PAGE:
The four-piece band was formed in Los Angeles in 1979 when singer/songwriter/guitarist Steve Barton linked up with Larry Dekker on bass and Dave Scheff on drums. A second singer/songwriter/guitarist, Robert Darlington, joined soon after and completed the lineup. The combination of 2 talented songwriters and a powerful energetic rhythm section became the key to their success.
Translator then relocated to San Francisco where they were signed to Howie Klein’s independent label, 415 Records, on the strength of the demo tape they sent to college radio station KUSF: the loose and rambling yet laconic “Everywhere That I’m Not” has remained the band’s signature tune. The song was featured on Translator’s debut album Heartbeats And Triggers, which was produced by the widely respected David Kahne. As a result of 415 Records’ national distribution arrangement with Columbia Records the debut album received good promotion and became an underground and College radio hit in 1982.
Between 1983 and 1986 the band completed 3 more albums for the same label. They also received some airplay for other songs such as “Un-Alone”, from No Time Like Now (1983). The self-titled third album Translator (1985) contained fan-favorites “Gravity” and “O Lazarus”. The fourth Evening of The Harvest (1986) featured “Standing In Line” and “Stony Gates of Time.” For their second pair of albums Translator worked with another top New Wave producer, Ed Stasium. Though the later albums also contained many strong original songs none of them got as much recognition as the debut.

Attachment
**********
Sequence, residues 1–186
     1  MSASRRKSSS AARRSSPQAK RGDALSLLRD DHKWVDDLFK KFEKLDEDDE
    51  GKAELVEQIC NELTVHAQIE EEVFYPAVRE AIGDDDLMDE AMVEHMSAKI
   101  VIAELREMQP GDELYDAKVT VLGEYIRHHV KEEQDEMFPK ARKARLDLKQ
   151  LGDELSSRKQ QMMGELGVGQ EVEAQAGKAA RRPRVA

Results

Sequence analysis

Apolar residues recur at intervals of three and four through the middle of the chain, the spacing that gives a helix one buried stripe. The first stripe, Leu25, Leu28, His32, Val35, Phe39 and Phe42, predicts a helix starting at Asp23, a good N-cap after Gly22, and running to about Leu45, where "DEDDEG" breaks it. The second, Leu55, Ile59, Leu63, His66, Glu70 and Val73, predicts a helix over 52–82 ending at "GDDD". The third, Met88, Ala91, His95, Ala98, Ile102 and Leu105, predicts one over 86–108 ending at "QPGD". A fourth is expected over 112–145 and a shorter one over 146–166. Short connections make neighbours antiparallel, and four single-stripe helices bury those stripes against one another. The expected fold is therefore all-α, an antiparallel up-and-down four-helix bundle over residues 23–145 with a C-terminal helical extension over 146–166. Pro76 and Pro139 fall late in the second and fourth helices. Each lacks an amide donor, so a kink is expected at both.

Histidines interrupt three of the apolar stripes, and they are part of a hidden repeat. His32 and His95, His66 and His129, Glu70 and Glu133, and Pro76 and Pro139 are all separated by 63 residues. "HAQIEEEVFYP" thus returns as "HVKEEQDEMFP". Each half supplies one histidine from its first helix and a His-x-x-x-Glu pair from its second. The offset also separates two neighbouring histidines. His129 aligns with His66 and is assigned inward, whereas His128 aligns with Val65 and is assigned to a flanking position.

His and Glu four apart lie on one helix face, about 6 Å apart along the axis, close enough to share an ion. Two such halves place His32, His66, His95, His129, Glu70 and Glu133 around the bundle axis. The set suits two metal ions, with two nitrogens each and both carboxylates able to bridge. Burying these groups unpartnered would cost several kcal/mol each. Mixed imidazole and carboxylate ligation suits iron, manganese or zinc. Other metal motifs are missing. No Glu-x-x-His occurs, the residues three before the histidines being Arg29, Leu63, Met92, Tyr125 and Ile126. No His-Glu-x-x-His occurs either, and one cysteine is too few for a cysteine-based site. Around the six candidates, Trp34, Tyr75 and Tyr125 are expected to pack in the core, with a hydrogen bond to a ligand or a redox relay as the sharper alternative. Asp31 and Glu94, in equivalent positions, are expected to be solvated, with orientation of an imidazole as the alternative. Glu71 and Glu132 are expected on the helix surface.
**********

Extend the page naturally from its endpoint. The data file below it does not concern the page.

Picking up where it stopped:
Translator’s music continued to have underground appeal and was featured on at least 3 different compilation albums during the 1980s and 1990s. In 2007 all four original albums were re-issued on CD by Wounded Bird Records with bonus tracks. This was the first time that much of their 1980’s output became available on CD. In May 2008 the 2 CD collection Different Time was released. It contains previously unavailable demos, studio out-takes and live recordings spanning 1979 to 1986, with one track from 1996.
In 1996, ten years after their official breakup, the band was paid its highest compliment when Beatles fans mistook their take of the instrumental “Cry for a Shadow” for a new recording by the Fab Four from the Anthology sessions (in fact it was a Translator B-side from 1983.)
Translator continues to reunite on occasion, having most recently playing shows on the West Coast in September 2009, and is still releasing music, including a planned record of unreleased fully produced songs from 1993. Barton works as a solo recording artist. He recently signed a deal with Spectra Records and released a 20-song CD titled “Gallery” featuring tracks from his three solo albums, plus four brand new songs. US and UK tours are being planned for 2010 for his current band, Steve Barton And The Oblivion Click (Steve Barton, Robbie Rist, Derrick Anderson). Scheff has continued drumming, most recently with the orchestra at Teatro ZinZanni, on a 2008 summer UK tour with Dead Kennedys and, with Larry Dekker, guitarist Peter Wiley and keyboardist and singer Cynthia Haagens in Bang Bang Men. Robert Darlington published a collection of his poetry titled “Ether”. Larry Dekker continues to supply his powerful melodic bass playing for various bands.